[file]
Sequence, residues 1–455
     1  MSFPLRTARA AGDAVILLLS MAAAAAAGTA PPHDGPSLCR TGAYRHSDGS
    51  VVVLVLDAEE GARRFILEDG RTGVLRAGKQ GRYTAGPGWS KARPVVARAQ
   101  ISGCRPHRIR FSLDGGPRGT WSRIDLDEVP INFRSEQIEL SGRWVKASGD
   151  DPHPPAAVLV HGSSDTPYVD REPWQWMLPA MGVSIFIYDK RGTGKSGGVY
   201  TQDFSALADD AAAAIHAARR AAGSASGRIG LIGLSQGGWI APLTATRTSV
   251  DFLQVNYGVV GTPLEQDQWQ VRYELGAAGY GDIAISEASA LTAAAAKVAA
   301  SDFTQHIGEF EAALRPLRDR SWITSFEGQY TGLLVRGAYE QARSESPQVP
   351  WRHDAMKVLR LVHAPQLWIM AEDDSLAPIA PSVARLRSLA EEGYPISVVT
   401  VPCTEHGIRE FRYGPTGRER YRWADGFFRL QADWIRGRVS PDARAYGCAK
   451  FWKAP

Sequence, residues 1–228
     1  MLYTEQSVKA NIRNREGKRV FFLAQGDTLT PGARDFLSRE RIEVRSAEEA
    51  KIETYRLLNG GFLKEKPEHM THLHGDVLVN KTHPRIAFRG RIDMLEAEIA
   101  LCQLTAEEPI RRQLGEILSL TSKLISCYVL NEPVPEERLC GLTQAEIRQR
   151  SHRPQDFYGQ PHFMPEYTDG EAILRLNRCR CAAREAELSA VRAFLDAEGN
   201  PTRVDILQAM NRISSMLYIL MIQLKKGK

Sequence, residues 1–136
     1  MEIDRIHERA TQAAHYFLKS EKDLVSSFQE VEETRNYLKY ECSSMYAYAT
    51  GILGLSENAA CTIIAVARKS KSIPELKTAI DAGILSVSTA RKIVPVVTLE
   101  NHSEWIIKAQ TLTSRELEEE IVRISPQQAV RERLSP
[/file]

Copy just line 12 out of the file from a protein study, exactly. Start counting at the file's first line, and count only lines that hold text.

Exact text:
Sequence, residues 1–228